33 Comments


  1. Sarah you’re posts have been really great addition to the writing on WPTavern. It’s awesome having all of this info summed up and reported on – glad you’re a part of the team.


  2. Great post, Sara! So exited about about 3.8… love the Widgets Area Chooser!


  3. This is good news. MP6, DASH, and THX are all much needed in my view. The rest would be nice to get in as well, though if it were up to me I might be inclined to let Twenty Fourteen wait for WP 3.9, so the rest of the functional changes can get in. In any case, it looks like 3.8 will be a substantial update!



  4. Thanks Sarah. Nice summary of new features coming in 3.8! Saved me having to trawl through the IRC logs. ;-)


  5. Hope DASH and MP6 perform well in Mobile Safari because the iOS app still sucks. Crossing my fingers!


  6. The new widget page looks useful. Looking forward to Twenty Fourteen :)


  7. It’s great to see development moving on at such a rapid speed – it’s looking like the idea of developing plugins first then migrating to core is a really good one. At this rate we can look forward to even more smooth & frequent releases next year.



  8. Hey Sarah, thanks so much for the list, now I don’t need to visit the IRC logs either. I’m glad to see what’s heading into 3.8 as I have a huge project launching shortly after that and knowing this is a huge part of making my deadline…. cheers!


  9. Some pretty exciting changes which is good to see. Let’s hope they all make it for the release.

  10. Nevis1

    Sadly, STILL no mention of a solid backup feature built into WP. Becoming laughable really…or is it that services charging outrageous rates for plugins and or services have too much influence, and don’t want to see backup and restore as a core feature.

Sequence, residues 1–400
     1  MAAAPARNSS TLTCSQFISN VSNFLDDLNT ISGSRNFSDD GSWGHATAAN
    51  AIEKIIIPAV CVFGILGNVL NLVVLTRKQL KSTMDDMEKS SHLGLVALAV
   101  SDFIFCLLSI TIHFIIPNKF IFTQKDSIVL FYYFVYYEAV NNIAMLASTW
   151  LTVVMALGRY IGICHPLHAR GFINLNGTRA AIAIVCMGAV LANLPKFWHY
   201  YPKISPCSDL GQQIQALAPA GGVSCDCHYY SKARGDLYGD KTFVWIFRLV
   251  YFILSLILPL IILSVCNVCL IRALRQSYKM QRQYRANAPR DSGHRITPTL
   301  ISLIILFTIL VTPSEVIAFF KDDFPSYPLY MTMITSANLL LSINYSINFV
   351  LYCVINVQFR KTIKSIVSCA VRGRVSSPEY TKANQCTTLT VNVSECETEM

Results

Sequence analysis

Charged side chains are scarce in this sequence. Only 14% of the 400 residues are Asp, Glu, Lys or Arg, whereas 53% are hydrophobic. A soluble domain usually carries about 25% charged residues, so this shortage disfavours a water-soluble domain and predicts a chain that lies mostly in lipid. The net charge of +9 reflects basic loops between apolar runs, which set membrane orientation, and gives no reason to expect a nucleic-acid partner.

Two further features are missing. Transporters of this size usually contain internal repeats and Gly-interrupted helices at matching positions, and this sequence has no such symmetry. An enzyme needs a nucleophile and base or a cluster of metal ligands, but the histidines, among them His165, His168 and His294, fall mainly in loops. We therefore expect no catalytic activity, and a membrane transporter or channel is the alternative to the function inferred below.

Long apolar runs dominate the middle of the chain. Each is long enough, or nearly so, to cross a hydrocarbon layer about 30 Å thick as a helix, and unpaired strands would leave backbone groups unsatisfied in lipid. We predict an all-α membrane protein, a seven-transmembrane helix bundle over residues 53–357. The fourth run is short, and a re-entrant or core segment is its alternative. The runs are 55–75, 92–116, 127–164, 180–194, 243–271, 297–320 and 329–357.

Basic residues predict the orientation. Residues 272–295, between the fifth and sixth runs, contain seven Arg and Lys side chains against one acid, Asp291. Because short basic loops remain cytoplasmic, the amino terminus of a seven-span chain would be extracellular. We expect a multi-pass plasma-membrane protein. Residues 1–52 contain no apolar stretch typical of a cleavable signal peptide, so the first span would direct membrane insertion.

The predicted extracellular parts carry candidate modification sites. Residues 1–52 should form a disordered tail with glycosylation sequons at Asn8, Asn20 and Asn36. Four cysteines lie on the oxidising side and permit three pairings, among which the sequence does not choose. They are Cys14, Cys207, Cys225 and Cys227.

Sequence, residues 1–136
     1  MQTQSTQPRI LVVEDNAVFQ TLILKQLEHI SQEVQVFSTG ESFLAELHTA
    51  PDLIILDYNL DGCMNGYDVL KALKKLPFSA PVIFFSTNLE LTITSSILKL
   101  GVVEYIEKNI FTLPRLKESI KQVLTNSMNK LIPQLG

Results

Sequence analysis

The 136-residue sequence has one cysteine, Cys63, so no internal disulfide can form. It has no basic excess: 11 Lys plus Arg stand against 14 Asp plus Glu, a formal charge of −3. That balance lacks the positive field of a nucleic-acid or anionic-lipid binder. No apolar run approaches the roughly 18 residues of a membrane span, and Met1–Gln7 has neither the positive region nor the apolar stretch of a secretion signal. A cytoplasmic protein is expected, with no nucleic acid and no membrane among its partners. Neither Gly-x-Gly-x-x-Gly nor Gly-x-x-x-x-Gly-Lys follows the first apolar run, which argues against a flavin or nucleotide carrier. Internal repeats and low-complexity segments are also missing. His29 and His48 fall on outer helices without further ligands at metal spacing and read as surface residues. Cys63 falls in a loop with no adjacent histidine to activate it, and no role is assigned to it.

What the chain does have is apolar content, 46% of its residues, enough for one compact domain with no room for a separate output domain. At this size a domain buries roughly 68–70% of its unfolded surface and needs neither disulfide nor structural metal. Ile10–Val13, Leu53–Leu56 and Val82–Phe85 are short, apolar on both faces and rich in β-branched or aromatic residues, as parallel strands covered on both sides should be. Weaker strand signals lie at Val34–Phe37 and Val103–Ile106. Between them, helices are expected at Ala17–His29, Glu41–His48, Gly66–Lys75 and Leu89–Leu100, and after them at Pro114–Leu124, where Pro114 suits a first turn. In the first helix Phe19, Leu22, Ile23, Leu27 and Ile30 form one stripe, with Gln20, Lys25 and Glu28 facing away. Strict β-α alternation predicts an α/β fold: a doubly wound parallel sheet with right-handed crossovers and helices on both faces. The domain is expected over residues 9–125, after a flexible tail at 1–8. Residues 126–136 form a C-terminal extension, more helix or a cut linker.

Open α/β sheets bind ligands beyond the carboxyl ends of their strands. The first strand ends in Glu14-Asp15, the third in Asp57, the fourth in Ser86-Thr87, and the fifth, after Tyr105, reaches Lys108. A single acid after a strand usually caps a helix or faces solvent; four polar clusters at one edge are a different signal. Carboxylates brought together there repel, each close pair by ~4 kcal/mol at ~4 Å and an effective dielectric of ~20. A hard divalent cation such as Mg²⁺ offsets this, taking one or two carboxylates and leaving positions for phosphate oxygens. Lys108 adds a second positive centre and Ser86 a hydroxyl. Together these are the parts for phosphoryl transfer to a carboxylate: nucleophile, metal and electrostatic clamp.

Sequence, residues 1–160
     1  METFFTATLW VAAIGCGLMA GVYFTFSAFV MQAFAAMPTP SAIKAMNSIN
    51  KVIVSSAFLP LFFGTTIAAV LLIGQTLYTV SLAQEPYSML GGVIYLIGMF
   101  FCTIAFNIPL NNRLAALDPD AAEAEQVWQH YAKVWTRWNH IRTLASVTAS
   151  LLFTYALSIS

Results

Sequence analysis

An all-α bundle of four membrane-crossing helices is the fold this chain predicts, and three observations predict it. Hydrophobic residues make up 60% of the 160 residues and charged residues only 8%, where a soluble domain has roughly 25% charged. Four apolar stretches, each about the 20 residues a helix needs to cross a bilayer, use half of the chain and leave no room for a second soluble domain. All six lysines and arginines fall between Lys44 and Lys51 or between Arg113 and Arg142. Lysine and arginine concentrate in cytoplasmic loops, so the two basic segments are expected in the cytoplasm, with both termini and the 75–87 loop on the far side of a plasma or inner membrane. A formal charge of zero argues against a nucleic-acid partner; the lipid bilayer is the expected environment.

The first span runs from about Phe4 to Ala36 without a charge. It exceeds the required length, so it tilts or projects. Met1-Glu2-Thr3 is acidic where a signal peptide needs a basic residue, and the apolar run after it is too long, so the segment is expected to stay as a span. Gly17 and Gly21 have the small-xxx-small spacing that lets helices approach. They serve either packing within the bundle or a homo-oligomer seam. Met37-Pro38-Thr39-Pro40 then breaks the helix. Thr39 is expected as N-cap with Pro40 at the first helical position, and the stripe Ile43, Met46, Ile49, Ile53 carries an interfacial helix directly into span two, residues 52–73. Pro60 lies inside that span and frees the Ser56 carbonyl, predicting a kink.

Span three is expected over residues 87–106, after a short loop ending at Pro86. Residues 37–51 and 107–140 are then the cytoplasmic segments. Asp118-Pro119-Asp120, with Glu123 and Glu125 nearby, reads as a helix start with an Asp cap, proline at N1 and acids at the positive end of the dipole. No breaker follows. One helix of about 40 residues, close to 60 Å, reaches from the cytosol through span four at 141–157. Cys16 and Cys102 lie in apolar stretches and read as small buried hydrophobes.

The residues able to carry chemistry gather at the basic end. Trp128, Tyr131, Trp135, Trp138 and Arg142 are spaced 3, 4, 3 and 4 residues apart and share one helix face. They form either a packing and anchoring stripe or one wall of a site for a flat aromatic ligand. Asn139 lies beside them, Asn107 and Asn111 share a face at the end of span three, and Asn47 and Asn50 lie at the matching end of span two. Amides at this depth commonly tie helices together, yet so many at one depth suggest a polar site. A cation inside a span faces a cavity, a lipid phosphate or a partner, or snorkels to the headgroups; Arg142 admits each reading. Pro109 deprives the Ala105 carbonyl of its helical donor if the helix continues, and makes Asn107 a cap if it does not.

Things that make you go hmmmmmm. :)



  11. Nevis1 — WP has built-in export, and numerous plugins that support backing things up both free and paid. It’s really more of a hosting responsibility than an application responsibility.


  12. @Nevis1 – I agree with @Matt on this one. WordPress’ export / import functionality is more than adequate for the application itself to take care of, the rest is the responsibility of hosting.

    This is particularly true when you consider the potential variations between hosting environments and backup plans. The application should not need to deal with that.


  13. @Nevis1
    I also agree with @Matt.
    I would think that Backups as part of core strays much too far into plugin territory.
    To my understanding, core development is centered around creating better ways to create content.

    The WordPress team already does a ton of work to make sure that core is as server-independent/compatible as possible. Backups in core would require a whole separate team to develop considering the wide range of scenarios that backup plugins have to cover.

    tl;dr: Core is all about being a lean, mean, content-creating machine. Plugins (like backup plugins) extend upon that.


  14. Mr. Matt,

    Not agree.

    I’m talking myself as a developer. I need that import feature. Almost my half wordpress websites I’m installing import plugin.

    Thank you.


  15. @Matt – I’d argue ‘backups are really more of a site owner’s responsibility’ than a ‘hosting’ responsibility.

    Sure, hosts make backups. But for the most part, a host is worried about getting your server back up. Getting a 100% data recovery from everything? Surprisingly lower on the list. After all, a host is backing up the OS, the files, the DBs, for WAY more than WP. And while they check their backups for integrity, I doubt any host is doing a 100% check of every file. What if your one file is the dead one?